Aarhus Regulation shall prevail, to the extent they apply to the Bank.




2
    Breakdown as at 01/09/2008


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European Investment Bank                                                         EIB Transparency Policy



iii. RESPONSIBILITIES

iii.1 Whereas in accordance with the Bank’s Rules of Procedure, the Board of Directors has the
competence to adopt the Transparency Policy, its oversight and implementation falls under the
responsibility of the Bank’s Management Committee. Responsibilities are deployed throughout
the organisation as appropriate to ensure the policy objectives are reflected in goals and activities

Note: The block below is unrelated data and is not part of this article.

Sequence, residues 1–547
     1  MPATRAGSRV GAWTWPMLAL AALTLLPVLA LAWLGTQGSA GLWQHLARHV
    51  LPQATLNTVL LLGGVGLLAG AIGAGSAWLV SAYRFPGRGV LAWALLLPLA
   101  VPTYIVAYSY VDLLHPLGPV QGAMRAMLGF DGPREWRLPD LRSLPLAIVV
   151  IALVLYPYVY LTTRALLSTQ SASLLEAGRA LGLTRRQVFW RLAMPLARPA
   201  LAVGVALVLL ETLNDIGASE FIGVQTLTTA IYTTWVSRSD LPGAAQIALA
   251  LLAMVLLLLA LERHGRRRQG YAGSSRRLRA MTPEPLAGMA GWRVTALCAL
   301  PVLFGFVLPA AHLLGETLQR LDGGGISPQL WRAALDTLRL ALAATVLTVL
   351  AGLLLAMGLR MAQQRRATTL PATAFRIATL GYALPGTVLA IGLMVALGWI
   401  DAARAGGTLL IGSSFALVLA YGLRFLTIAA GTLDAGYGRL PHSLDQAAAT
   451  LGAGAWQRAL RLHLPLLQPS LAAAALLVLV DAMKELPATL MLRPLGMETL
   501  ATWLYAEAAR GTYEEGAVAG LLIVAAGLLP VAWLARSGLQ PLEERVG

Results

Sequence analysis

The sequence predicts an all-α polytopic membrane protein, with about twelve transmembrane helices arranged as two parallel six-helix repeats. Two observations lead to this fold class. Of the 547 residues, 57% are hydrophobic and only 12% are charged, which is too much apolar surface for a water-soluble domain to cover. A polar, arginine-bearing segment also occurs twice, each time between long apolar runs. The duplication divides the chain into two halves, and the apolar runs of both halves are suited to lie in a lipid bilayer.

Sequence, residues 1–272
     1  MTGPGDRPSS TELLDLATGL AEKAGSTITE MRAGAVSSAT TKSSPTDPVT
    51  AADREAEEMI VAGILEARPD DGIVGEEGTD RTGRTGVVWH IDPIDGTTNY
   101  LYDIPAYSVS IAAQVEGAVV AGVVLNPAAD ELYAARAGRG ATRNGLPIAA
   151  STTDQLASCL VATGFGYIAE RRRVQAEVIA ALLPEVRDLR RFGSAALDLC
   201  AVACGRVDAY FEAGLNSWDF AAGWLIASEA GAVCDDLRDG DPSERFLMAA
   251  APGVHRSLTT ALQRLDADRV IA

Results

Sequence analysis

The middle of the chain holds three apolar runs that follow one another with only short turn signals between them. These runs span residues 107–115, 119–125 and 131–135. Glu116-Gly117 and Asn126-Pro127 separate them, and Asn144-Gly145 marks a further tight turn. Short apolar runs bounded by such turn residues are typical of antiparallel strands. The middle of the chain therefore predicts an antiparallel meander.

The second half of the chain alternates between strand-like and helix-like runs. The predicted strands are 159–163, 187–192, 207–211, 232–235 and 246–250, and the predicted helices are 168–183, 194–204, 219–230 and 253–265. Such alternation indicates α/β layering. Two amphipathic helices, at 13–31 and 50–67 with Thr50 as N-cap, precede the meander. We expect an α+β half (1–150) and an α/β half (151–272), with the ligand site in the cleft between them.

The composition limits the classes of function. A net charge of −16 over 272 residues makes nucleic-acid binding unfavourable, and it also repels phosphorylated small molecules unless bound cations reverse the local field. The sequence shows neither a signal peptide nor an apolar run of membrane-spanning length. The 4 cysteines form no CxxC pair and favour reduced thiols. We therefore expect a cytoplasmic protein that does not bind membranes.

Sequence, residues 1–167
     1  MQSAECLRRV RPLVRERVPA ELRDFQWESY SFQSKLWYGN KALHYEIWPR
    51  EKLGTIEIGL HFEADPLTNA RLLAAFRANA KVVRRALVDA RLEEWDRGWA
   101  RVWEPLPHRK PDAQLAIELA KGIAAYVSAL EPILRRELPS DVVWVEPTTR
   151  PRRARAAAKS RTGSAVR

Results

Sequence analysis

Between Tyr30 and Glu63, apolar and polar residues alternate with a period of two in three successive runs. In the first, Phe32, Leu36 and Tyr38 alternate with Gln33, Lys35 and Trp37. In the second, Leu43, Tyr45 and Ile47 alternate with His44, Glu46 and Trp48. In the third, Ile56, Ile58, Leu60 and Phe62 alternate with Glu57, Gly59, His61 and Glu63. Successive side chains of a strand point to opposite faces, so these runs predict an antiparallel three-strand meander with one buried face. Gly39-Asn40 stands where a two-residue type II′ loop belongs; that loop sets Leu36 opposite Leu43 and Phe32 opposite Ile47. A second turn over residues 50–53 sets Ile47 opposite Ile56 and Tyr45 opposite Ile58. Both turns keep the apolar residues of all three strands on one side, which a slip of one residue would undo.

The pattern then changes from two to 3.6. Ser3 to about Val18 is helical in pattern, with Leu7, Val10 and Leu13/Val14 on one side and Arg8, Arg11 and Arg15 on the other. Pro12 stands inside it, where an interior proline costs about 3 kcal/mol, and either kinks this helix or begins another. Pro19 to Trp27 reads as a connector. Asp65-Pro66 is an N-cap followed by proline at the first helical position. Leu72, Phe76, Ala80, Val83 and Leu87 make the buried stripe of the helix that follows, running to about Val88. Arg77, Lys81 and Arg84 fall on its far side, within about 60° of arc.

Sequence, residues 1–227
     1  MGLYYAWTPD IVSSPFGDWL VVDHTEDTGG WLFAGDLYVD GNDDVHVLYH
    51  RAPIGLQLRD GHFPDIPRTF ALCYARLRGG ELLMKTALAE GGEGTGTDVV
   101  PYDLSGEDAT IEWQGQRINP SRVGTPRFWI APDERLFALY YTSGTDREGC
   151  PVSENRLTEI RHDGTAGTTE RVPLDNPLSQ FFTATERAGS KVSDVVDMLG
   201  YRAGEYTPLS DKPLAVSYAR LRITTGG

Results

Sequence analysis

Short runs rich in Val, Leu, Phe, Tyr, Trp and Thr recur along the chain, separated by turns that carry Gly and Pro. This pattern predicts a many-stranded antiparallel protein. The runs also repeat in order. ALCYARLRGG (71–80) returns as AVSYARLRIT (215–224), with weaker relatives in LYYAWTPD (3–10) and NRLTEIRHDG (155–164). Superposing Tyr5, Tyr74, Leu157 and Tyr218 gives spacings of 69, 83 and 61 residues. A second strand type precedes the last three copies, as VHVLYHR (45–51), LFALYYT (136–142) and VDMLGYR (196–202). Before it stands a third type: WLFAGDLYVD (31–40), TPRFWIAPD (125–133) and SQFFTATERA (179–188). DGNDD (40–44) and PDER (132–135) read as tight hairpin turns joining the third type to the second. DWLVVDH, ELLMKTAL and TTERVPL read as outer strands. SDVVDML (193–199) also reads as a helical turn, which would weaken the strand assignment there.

at all levels of the organisation.

iii.2 Resources are assigned for the implementation of the Transparency Policy throughout the
organisation. Relevant staff at all levels of the organisation are trained in how to handle
transparency and disclosure issues, dialogue with stakeholders, corporate social responsibility
and other related topics. Within the organisation, expert resources are available to advise on
transparency issues.

iii.3 Information desks will be installed in all the EIB regional offices to provide the local
populations with information about EIB activities. One public computer terminal will be installed in
each information desk where the public will be able to consult and copy/print information from the
EIB website.

iii.4 The Transparency Policy is subject to a continuous process of internal evaluation and quality